Chuck Berry: It’s got a back beat you can’t lose it.

Churck Berry had the beat: it's got a backbeat, you c an't lose

Sharon’s blog: DayBooks


Have a heart.  Well, with luck.  I’m typing this post from Valparaiso, with a sweeping view down a cat-encrusted hill down to the harbor.  Life seems good.  Just a month ago I was iffy — hanging by a portable defibrillator.  Thinking our summer travel to South America (what we retired for) might be out of reach.  Even though I gave the device a name, it was hardly a pet.  It dragged me down.

As I felt better and better (after my winter hospitalization for pneumonia) it seemed unfair to lug around this reminder of illness — everywhere, all day (except for the daily breaks for shower and handstands).  I felt internally whiney.  I felt outwardly cranky.  And the ongoing tests did not improve my mood.  I had always been so well!  Even in sickness.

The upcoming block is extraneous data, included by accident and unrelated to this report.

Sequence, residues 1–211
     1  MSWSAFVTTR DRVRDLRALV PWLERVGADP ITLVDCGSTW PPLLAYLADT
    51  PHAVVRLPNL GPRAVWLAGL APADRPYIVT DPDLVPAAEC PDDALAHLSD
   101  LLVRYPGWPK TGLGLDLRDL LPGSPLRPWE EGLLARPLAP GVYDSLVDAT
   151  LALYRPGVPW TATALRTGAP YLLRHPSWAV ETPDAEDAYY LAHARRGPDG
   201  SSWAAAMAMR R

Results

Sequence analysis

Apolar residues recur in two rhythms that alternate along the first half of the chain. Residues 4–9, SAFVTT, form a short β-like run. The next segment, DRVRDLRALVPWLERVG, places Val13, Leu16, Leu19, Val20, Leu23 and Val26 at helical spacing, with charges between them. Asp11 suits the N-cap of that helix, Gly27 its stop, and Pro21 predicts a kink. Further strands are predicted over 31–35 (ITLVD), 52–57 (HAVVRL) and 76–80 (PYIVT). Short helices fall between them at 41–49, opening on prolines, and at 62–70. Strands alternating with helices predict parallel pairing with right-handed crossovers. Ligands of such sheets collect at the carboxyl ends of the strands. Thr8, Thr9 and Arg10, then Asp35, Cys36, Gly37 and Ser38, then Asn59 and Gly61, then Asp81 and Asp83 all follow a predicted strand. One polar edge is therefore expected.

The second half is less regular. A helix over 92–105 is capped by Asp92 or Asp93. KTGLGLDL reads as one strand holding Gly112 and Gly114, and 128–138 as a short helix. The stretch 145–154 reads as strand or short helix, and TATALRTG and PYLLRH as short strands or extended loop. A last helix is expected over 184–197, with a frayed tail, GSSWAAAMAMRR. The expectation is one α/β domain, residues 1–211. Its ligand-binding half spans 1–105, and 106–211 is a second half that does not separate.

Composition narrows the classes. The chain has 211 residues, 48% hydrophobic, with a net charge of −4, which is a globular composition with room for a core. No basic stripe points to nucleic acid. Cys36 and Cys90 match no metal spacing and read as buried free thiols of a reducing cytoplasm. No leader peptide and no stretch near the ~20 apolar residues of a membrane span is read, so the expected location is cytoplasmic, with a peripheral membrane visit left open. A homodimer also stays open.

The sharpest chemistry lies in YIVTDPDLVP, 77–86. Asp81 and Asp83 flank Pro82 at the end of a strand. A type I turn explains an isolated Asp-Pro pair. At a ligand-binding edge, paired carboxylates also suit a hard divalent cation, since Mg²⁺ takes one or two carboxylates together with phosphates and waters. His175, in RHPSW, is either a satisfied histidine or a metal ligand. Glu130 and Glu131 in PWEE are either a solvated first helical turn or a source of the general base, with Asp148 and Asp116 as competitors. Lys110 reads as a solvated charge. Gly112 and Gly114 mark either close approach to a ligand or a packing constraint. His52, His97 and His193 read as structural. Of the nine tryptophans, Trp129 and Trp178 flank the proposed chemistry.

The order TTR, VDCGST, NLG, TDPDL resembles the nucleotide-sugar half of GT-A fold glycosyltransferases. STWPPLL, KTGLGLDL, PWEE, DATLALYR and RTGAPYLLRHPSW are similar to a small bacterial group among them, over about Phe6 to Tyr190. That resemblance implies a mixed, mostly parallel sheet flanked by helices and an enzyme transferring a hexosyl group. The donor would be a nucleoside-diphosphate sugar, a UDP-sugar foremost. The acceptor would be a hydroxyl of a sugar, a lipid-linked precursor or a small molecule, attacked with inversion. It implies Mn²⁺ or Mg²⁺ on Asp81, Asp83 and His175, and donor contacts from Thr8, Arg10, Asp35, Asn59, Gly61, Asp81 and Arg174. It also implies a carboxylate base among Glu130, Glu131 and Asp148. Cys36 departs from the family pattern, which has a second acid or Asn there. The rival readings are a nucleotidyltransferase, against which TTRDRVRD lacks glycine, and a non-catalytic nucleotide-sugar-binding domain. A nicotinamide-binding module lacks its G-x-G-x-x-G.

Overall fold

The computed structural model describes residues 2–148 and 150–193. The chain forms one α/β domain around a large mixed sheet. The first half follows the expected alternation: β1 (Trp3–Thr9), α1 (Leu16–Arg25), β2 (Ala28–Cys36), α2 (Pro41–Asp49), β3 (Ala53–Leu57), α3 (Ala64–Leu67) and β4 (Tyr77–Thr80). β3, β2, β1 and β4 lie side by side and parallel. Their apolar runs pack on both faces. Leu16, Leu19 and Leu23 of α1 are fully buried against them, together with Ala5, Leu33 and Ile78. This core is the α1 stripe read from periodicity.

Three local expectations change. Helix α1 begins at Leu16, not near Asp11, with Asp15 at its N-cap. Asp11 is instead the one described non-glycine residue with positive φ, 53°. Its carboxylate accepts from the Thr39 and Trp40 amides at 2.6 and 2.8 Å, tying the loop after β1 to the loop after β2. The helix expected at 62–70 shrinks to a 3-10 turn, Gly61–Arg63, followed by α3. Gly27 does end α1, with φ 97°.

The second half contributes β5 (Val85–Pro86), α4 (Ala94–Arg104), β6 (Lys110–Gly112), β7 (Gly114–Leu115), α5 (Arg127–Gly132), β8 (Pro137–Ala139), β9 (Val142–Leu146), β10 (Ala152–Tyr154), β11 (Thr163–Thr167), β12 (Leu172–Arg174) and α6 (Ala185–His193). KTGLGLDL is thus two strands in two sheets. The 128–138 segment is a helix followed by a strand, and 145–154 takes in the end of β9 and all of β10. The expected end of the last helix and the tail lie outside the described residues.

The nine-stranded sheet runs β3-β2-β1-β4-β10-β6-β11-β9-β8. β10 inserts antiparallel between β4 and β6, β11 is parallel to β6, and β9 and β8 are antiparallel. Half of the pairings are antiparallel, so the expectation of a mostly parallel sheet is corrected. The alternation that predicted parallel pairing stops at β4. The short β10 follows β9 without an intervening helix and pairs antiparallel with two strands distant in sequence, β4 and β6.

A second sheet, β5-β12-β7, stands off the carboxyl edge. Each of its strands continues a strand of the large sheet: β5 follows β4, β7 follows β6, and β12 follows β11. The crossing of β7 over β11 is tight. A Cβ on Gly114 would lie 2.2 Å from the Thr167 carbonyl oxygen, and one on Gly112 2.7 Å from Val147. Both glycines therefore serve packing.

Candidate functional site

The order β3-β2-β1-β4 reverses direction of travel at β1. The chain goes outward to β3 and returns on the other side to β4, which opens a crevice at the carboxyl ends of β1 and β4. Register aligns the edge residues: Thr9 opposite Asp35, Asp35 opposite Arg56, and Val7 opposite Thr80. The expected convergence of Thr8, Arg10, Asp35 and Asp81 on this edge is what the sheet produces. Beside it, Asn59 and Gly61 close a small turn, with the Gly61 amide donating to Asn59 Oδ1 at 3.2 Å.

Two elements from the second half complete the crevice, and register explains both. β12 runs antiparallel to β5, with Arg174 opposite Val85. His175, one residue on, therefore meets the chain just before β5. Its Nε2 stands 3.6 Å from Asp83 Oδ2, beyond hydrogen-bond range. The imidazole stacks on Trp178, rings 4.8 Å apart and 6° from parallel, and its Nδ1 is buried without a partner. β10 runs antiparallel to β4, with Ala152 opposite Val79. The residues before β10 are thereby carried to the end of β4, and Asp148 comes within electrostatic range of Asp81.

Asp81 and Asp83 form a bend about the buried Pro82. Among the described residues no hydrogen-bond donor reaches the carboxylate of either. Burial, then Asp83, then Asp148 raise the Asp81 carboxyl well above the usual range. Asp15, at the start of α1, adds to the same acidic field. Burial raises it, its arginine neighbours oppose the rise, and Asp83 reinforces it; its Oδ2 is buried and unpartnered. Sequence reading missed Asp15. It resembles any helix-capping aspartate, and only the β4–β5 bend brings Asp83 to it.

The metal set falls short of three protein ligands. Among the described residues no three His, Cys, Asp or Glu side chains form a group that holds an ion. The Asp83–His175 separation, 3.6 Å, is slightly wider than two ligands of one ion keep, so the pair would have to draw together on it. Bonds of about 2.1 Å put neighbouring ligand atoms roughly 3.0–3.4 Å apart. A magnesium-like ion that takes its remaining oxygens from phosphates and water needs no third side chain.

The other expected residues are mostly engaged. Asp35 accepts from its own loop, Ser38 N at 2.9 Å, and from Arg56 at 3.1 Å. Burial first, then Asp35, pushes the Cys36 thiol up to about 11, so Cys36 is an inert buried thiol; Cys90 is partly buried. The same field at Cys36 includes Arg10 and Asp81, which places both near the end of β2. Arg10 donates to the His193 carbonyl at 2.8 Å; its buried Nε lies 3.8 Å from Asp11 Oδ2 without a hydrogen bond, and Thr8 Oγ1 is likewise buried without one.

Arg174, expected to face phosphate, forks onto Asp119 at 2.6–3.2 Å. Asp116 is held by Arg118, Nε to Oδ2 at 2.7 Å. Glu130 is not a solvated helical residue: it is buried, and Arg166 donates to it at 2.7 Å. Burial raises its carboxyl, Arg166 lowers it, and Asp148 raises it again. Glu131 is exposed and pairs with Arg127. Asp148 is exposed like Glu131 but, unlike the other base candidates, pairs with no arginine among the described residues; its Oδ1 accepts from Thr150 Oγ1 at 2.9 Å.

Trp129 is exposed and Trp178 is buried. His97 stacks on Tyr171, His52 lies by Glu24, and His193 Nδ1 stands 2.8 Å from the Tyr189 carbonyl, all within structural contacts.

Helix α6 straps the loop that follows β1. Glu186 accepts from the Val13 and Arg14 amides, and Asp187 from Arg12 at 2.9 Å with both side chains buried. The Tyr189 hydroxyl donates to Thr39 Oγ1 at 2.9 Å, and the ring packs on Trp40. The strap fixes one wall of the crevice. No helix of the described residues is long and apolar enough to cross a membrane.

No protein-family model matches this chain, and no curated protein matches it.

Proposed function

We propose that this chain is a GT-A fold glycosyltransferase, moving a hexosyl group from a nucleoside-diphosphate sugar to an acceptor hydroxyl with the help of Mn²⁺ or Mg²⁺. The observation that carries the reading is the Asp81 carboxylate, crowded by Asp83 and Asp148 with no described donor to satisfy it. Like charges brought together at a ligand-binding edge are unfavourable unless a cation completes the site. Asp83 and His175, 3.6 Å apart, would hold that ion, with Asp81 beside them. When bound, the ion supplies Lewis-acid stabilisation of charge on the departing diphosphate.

One more test: in the nuclear medicine department.  Injection with something radioactive.  Then I have to lie completely still for half an hour or so under some sort of scanner.  I am good at this.  I do yoga after all.  Meditation has never been my strongest limb, but I’ve been working on it of late.  I completely wow the technician.  He’s never known someone to do this so well: lie still.  I take it as a sign.

And yes, I ace the test (almost).  My ejection fraction has risen to almost normal range.  I can kick Henry to the curb.  Few things have given me more pleasure than packing him up and taking him to the UPS store.

And here I am in Valparaiso, doing my yoga practice while I look at freighters in the harbor.  To my two great life thrills of 2014: getting out of the hospital and getting rid of the defibrillator I can add a third: being in South America yet again, understanding and speaking Spanish better every day.  And Argentina is in the World Cup final!!!!!!

I know soon enough I’ll feel annoyance at something. I’ll be bored for a bit.  I’ll have an ache and/or a pain.  But for now I’m breathing freely, even with pleasure.

My electrophysiologist (heart electrician) said I should stick to drawing feet — and leave the hearts to her.